I knew that high performance gliders often use semi symmetrical wing sections and aerobatic ones often use a fully symmetrical section with zero angle of attack so they fly well inverted.
      Being rather cautious I took a middle-of-the-road approach – I chose a semi symmetrical section (HQ3-12) and I gave the wing a very small angle of attack.
      So the first launch will be interesting! Will it nose dive? I don’t see why it would. Symmetrical section /zero attack models go up so in theory this one should too. (I hope).

  2. John Harvey

    By the way David I’m no expert in things aeronauticle but have gleened a little knowledge over the years. Reckon you are right to have the wing with a degree or two of positive A of A , with my latest creation the yellow K7, that needed a couple of tweeks of extra attack to stop the tendancy to return to earth. I could alter the tail plane with a slither or two of thin ply at the TE. Even then weight has been removed from the nose and probably could still take more, more experimenting needed yet. With the fapperons up and down (def need more up than down to eleviate ‘adverse yaw’ see I have read the books!) , there is no separate ailerons is there? have you raked the horns there as well?
    John

  3. John Harvey

    ‘Read it’ as the frog said David. Well you can’t complain about the amount of advice. As you said this is an own design and there are no instructions, so if twas me I would test it over forgiving ground. Perhaps just aim initially for hand chuck glides sraight and level, that sorts out Cof G , incidences ect. Then look at small movements of rudder and flapperons or just rudder only to see if your dihedral copes and turns the model. Then perhaps a slope launch.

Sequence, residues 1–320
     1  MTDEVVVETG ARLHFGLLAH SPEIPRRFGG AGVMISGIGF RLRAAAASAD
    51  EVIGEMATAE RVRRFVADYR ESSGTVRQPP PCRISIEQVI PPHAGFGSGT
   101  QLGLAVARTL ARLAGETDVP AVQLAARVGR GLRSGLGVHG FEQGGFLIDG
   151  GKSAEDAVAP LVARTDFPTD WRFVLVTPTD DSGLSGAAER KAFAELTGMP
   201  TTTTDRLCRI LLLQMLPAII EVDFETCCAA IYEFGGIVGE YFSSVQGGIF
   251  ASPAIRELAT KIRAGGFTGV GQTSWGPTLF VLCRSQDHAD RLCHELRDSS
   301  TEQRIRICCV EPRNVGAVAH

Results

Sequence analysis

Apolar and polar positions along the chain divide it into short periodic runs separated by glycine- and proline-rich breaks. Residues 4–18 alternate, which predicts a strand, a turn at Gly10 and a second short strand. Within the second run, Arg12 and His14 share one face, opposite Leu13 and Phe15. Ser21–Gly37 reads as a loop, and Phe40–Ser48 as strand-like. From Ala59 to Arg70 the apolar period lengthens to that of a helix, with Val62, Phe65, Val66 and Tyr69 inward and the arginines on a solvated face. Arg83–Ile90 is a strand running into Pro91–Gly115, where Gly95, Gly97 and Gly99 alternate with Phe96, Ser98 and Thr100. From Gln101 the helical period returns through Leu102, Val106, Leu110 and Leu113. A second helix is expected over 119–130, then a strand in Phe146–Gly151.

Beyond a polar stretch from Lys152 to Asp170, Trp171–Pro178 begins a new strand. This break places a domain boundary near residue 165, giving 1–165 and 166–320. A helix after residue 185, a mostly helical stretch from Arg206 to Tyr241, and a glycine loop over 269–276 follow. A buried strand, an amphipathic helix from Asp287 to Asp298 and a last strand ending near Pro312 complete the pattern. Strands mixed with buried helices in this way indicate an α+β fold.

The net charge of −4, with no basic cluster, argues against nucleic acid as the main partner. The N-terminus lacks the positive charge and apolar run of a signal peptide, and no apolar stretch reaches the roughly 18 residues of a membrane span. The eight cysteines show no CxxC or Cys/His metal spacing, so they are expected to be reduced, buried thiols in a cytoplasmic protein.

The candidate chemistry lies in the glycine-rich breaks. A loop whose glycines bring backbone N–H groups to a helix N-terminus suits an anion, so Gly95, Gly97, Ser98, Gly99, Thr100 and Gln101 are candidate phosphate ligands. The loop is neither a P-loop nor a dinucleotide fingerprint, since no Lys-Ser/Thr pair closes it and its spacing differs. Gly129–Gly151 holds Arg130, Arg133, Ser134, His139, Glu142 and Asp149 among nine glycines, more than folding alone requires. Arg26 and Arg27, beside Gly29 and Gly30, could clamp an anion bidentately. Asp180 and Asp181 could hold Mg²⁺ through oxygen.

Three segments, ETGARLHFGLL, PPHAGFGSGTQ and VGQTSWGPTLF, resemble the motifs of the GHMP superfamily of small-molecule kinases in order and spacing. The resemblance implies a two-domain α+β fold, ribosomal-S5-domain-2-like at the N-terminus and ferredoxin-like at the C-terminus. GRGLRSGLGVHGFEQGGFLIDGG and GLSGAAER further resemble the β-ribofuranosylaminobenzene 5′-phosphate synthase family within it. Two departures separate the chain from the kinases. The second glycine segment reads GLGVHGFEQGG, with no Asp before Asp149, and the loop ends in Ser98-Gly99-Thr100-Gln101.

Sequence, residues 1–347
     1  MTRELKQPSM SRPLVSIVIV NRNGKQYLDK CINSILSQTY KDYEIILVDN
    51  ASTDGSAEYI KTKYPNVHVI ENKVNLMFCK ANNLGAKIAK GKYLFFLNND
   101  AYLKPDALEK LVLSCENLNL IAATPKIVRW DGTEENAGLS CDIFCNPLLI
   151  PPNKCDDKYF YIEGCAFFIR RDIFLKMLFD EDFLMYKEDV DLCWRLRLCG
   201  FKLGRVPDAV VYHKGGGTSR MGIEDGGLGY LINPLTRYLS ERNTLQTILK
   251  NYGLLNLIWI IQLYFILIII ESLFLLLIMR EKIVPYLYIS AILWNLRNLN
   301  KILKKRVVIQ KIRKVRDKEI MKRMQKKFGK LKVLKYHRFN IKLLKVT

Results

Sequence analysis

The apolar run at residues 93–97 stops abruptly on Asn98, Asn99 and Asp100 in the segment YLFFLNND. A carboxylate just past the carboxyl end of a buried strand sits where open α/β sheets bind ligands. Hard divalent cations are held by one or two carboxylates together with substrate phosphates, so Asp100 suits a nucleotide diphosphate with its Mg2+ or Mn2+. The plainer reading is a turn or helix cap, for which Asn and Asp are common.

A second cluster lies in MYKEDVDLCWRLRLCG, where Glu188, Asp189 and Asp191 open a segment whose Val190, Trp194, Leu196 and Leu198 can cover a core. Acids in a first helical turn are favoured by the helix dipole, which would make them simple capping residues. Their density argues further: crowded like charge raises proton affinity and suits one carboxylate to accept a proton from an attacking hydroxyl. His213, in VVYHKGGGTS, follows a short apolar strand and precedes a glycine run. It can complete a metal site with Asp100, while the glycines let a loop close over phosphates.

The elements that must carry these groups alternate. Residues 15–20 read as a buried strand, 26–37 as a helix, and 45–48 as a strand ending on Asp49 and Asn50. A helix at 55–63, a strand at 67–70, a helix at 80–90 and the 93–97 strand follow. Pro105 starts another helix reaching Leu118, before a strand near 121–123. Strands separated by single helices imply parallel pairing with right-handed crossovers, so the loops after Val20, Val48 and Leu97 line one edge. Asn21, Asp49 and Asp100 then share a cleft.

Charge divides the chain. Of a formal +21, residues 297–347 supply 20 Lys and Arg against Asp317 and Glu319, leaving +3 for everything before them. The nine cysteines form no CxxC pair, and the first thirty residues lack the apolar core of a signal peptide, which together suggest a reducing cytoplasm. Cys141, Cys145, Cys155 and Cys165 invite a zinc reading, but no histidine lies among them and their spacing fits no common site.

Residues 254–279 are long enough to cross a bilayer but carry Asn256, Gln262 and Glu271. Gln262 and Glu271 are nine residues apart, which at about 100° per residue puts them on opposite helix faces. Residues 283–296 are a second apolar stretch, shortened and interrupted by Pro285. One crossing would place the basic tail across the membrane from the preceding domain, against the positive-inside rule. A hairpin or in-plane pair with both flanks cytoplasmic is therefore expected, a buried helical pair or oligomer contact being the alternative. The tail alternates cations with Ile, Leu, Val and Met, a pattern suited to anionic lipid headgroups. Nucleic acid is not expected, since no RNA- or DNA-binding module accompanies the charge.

With a very new model I have often just held it into wind and with a light push forward let it go before catching to see how it sits in the air, isnt this good fun!
    John

  4. David Ramsden Post author

    Yes it is good fun John! What a great hobby.
    I flew her this afternoon and having just seen your post (above) I did do pretty much exactly what you suggested. Two flat field glide tests on soft and forgiving rough grassland ( a bit of up trim after the first one) then up to Black Hill. There’s a short report here:
    https://www.modelflying.co.uk/forums/postings.asp?th=167572&p=2&fbclid=IwAR3BakN71uEFfzPO66XdAu_6Ipjkl8kTnv2uj2A7vCz_2p48wYGeoOcKZVs#2647613

  5. John Harvey

    Well done for coming home with a whole model David! I did read your maiden report, did you fly at anytime using aileron combined with rudder and or elevator. Cliff asks about your differential, could be an important point. At least you still have a model to experiment with. Of course BH doesn’t always give good flying conditions, if the air isn’t going up nor will the model, no matter how good. Maybe sometime you may need to consider separate aileron and flap.
    John

    1. David Ramsden Post author

      Hi John, I have increased the aileron throw and the up flap but not the down. Flap function differential is easy to change on the Tx but I can only change aileron function differential by replacing the servo arms and or the flaperon horns. It may come to that but not yet.
      Why struggle one may ask. Why not just stick four surfaces and servos in the wings? It may come to that but I much prefer my mechanical challenge.
      Hope to test the adjustments between 5 and dusk on Chinkwell Tor.